Lori analyzed the storming of the Brazilian capital on January 8, 2023, as well, connecting the event to Brazil’s “information crisis.”

The acute nature of Brazil’s political crisis highlights how tech and media power asymmetries have real consequences for the civic information space and on the most marginalized groups in Brazil.

Lori Regattieri, Senior Fellow in Trustworthy AI


Data governance has been a key focus for Amber Sinha, who co-authored a chapter in the book “Emerging Trends in Data Governance,” published by the Centre for Communication Governance at the National Law University Delhi. Amber and his co-authors tackle the complex topic of group data rights, and emphasize the need for algorithmic transparency to ensure those rights are maintained.

Specifically, Amber explains that when individuals are categorized into specific groups by automated systems, it is crucial to have algorithmic transparency that explains the classification process. This transparency is essential for accountability and reducing harm. Clear instructions should be provided for how classification and sorting systems group individuals, he argues. This transparency becomes even more critical when the algorithmic profiling results in groups that are unrelated to legally protected conglomerate collectives or sub-groups.

Sinha has also written extensively about the EU’s AI Act, urging more clarity and ultimately publishing a full policy proposal on the topic.

The global impact of EU’s regulation of digital technologies has perhaps been more profound than any other regime.

Amber Sinah, Senior Fellow in Trustworthy AI


Meanwhile, Kiito Shilongo is digging into emerging AI policy on the African continent. As a significant number of countries in the region craft bills regulating privacy, data, and automated systems, Kiito is providing policy recommendations for the use of participatory governance models in the formulation, adoption and/or evaluation of AI policies and laws. She is also urging governments across the continent to craft legislation sooner rather than later, so that laws and norms are by Africans and for Africans — instead of imported from the U.S. or EU.

If we believe that privacy is culturally and socially articulated differently depending on the context, perhaps Africans should take the lead in conveying our definition of data privacy.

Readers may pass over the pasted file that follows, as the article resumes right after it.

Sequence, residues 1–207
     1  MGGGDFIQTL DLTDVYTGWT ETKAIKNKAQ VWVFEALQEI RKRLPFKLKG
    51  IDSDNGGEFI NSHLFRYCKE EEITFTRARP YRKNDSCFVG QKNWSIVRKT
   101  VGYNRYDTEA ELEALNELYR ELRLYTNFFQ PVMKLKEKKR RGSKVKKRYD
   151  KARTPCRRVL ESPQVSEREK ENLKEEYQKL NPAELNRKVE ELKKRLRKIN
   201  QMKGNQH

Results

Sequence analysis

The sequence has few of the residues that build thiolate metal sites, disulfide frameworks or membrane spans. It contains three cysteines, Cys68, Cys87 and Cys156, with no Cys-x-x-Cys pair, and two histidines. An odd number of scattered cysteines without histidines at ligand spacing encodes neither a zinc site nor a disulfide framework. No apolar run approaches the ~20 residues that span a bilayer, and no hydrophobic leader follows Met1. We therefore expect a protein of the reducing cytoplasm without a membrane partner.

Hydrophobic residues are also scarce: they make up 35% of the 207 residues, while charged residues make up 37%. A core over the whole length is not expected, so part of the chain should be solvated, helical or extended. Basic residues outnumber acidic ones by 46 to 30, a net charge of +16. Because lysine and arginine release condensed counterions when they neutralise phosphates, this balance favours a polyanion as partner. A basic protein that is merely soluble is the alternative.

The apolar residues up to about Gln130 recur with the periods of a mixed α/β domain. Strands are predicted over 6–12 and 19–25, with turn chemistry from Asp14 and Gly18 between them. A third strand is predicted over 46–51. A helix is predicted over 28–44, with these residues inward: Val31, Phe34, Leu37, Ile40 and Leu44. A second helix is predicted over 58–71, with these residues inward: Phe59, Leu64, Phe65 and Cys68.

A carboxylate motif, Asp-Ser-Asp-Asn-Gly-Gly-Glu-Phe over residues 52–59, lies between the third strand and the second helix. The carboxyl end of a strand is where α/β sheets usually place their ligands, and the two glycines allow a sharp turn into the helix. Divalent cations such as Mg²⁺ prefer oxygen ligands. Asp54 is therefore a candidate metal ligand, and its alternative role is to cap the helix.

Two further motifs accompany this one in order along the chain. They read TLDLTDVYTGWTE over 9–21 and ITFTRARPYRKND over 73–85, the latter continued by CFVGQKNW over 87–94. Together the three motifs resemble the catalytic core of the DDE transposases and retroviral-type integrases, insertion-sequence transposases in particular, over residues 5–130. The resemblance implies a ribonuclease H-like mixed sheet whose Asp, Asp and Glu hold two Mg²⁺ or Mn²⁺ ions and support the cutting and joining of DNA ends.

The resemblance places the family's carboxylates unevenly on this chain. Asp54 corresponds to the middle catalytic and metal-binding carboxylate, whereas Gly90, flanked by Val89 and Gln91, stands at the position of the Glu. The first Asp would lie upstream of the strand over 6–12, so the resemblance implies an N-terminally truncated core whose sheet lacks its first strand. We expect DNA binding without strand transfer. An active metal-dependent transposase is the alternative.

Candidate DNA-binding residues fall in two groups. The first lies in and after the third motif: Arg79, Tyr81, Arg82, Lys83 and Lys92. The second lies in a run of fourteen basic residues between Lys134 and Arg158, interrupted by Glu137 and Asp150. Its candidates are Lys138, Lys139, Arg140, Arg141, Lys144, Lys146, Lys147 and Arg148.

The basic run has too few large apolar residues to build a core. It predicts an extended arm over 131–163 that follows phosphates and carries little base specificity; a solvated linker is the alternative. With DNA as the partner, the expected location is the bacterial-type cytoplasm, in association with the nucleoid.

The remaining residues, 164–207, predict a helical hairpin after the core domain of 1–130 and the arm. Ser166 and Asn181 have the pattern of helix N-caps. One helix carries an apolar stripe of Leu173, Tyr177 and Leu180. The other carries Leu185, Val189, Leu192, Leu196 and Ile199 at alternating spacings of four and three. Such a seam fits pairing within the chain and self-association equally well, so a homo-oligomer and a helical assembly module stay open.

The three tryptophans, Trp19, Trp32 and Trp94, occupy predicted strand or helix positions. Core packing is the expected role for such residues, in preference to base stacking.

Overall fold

Kiito Shilongo, Senior Fellow in Tech Policy

At the annual Mozilla Festival, Kiito elaborated on this work in a session titled "AI We Can Trust: Policy and Practice in Africa." She stressed the need to not only involve the public in the policymaking process, but also data governance writ large.


Apryl Williams is providing much needed clarity into issues like bias in algorithmic systems, especially when it comes to sexual racism and online dating. Williams recently discussed highlights of her forthcoming book, “Not My Type: Automating sexual racism in online dating,” at Nichols College and Harvard University. Williams focused on the significant impact dating apps have on how people perceive themselves and others — and how these apps perpetuate discrimination.

By presenting her work on race, gender, and tech in front of a higher-ed audience, Williams believes she can have an outsized impact: “It became clear that university-level students are a prime target for actuating change in AI culture and consumption systems,” she explains. “Because once they figured out how the systems worked, their first questions were ‘What can we do to change these systems’ and ‘How are dating companies allowed to do this?’"

University-level students are a prime target for actuating change in AI culture and consumption systems.

Apryl Williams, Senior Fellow in Trustworthy AI


Tarcizio Silva is also examining the intersection of racism and AI. He has been involved in the development of Brazil's AI Act, emphasizing the importance of existing anti-discriminatory and anti-racist principles in the bill, particularly provisions outlined in the Statute of Racial Equality. Considering the prevalent structural racism in the country, Silva proposes a provision for algorithmic impact assessment, which should include criteria for identifying excessive risk or high-risk analysis specifically for vulnerable groups.

A new bill in Brazil has been put forward in the defense of human rights, but it’s still soft in combating the damages of racism.

Tarcizio Silva, Senior Fellow in Tech Policy

More specifically, Silva aims to militate against the replication of discriminatory practices against Black people in AI systems, and has spoken about this often in Brazilian media.


Like Silva, Jasmine McNealy is exploring how technology impacts specific communities. Specifically, she is examining the impact of AI and algorithmic technologies on rural and rural adjacent communities in the U.S., beginning in the states of Florida, Georgia, Alabama, Mississippi, and South Carolina. McNealy says there have been studies focused on the impact of AI on agriculture — “but rural does not mean agriculture, although that can be an important aspect of rurality,” she explains.

Instead, her work examines the influence and implications of AI and algorithmic tools on already marginalized and vulnerable rural communities, including but not limited to Black, indigenous, migrant, immigrant, farming, and low-income individuals.


Lastly, Julia Keseru is examining how AI systems are intersecting with bodily integrity — that is, how they gain access to intensely personal information about our bodies and our health.

In her recent essay on Medium, Keseru details how she is applying a holistic approach to assessing the impact that digital innovation and technology have on our bodies and minds. She is researching systems like facial recognition, affect (or emotion) recognition, fitness and mental health apps, crisis text lines and others. And, helping ensure that individuals and societies are prepared, both legally and socially, for the enormous transformation occurring. Part of that work entails identifying areas where bodily integrity could be more systematically integrated into tech industry regulation — most notably pending AI laws in the EU and the U.S.

Data-driven computational models are reshaping our understanding of the human body, and create never-before-seen access to our innermost thoughts, feelings and desires.

Julia Keseru, Senior Fellow in Tech Policy